Estimating Contrail Height
Name: Joe
Status: student
Age: N/A
Location: N/A
Country: N/A
Date: N/A
Question:
Early in the morning I see the contrails of airplanes just above
the horizon. How far away is the airplane? For this problem I assume that the
airplane is flying at 30,000 feet. From my viewpoint the angle from the horizon
is 30 degrees. To me the angle appears to be 30 degrees but with the curvature
of earth, the angle will be greater. Is there an approximation I can use such
as: If the angle I see is 30 degrees the plane is 13 miles, If the angle I see
is 45 degrees the plane is 9 miles, etc.?
Replies:
Yes there are analyses of apparent altitude vs. angle of observation above the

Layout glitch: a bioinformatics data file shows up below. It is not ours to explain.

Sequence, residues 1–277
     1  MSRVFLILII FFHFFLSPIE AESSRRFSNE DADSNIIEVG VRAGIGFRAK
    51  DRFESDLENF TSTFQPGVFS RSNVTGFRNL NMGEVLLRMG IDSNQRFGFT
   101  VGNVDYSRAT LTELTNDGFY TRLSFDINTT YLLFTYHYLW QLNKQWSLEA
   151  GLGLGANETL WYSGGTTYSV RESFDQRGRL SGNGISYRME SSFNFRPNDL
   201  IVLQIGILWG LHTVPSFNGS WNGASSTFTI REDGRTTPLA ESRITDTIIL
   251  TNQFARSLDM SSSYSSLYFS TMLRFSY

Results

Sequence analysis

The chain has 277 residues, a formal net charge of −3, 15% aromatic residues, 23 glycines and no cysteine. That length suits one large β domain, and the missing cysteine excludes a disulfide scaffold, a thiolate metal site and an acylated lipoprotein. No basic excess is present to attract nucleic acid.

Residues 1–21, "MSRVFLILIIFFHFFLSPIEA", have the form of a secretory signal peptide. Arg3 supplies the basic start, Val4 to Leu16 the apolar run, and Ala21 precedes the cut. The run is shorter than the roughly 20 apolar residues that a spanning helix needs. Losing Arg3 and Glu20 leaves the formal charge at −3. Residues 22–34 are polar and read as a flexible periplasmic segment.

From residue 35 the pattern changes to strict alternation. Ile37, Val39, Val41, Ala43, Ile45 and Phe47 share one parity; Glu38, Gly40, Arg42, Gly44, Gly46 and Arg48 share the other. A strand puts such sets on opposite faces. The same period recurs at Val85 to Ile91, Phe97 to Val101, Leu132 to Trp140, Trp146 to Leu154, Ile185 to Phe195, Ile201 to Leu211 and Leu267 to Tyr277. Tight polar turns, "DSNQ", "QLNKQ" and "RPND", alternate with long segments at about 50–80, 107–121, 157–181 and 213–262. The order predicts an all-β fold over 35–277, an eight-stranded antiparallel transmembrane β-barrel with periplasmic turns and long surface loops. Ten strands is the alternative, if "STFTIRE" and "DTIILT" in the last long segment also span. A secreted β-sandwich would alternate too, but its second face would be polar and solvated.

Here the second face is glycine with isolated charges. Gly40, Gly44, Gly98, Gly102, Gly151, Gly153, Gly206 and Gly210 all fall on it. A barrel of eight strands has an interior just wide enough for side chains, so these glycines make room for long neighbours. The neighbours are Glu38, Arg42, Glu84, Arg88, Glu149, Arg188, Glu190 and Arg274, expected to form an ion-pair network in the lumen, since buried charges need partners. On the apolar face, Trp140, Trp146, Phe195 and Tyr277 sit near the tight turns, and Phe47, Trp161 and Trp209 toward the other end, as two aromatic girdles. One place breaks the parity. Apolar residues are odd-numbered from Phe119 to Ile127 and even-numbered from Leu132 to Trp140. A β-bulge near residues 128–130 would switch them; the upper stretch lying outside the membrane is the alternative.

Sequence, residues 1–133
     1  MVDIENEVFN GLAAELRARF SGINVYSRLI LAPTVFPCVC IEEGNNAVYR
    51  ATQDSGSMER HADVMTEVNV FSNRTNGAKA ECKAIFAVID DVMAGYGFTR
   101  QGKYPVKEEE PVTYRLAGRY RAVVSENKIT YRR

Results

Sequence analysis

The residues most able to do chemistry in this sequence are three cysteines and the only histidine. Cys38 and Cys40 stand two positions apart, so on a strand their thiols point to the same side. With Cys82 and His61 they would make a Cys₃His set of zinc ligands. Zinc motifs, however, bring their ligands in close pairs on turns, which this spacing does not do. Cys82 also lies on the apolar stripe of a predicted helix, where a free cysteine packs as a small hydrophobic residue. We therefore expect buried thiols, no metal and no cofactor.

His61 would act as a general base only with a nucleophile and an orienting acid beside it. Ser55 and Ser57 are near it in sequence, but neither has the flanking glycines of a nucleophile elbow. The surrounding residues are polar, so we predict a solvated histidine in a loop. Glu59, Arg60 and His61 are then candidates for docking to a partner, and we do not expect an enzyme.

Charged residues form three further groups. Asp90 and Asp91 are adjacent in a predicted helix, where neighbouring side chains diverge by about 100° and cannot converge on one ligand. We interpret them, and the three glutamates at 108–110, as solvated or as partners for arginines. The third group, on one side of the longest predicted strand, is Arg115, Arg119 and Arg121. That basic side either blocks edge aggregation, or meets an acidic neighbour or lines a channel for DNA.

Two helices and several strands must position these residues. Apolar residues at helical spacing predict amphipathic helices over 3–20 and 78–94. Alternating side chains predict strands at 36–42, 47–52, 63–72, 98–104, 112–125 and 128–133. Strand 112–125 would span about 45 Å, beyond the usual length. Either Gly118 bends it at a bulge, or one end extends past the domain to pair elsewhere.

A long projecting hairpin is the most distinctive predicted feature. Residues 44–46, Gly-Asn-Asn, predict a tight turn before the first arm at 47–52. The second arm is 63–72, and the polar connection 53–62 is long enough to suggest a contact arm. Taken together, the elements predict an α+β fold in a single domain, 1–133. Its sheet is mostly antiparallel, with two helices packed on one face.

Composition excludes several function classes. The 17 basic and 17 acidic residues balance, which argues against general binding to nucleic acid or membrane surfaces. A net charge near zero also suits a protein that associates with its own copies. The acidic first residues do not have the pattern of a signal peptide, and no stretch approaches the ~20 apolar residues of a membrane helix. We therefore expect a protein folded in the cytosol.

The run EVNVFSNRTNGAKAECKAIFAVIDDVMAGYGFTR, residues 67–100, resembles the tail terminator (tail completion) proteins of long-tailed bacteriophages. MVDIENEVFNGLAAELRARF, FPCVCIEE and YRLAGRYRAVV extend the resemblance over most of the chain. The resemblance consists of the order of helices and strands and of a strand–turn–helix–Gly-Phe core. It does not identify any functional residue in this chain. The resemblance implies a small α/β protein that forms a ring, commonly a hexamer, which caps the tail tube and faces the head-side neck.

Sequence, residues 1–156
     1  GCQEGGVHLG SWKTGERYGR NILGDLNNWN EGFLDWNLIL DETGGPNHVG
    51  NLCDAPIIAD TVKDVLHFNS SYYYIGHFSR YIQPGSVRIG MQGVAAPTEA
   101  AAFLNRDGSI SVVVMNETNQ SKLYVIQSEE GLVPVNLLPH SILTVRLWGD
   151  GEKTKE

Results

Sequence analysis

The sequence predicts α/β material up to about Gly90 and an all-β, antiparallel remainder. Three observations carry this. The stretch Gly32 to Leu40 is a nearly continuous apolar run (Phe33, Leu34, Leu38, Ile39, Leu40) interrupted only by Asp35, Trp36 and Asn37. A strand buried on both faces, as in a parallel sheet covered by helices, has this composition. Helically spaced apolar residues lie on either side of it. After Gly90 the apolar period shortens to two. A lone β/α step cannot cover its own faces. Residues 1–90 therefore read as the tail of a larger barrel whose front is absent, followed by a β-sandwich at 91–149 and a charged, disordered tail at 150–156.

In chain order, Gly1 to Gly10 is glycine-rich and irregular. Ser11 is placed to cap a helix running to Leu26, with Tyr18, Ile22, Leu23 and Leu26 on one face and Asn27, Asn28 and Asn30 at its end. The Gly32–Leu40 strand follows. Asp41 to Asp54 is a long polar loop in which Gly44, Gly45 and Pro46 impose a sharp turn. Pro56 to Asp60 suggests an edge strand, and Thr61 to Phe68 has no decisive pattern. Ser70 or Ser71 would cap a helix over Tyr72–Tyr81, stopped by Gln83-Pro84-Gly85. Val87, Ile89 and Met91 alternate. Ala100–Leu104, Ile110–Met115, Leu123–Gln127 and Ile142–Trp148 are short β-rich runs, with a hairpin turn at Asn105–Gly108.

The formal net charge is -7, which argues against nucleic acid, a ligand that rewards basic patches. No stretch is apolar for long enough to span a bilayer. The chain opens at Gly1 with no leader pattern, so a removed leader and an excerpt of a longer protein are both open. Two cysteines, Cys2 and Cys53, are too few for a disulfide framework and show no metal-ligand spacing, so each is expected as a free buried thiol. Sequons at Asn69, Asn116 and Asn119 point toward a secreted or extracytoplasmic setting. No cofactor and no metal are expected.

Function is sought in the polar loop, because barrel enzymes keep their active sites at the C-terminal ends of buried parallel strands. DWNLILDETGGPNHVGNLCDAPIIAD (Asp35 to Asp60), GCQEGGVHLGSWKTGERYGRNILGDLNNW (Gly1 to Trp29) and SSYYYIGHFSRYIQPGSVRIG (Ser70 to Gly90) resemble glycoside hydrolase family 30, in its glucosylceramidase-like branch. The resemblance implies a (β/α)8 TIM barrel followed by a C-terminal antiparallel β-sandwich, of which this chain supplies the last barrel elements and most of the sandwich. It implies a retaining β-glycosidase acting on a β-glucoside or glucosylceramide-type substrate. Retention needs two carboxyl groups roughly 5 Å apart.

horizon, taking into account the curvature of the Earth. However, things are
not so simple at first sight because the atmosphere "bends" the light and
another correction for the index of refraction of the atmosphere, in addition
to the Earth's curvature, is needed. The derivations require some trigonometry
which is too long to reproduce here, but you can find the details at the
following web sites:
http://tchester.org/sgm/analysis/peaks/how_to_get_view_params.html
http://tchester.org/sgm/analysis/peaks/refraction.html
The topic of "real" vs. "apparent" altitude is problem treated in many
contexts  meteorology, ballistic calculations, astronomy, and navigation 
just to mention a few. Each approaches the analysis a bit differently
depending upon the needs of each field, so there is no one simple formula,
that I am aware of.
Vince Calder
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Update: June 2012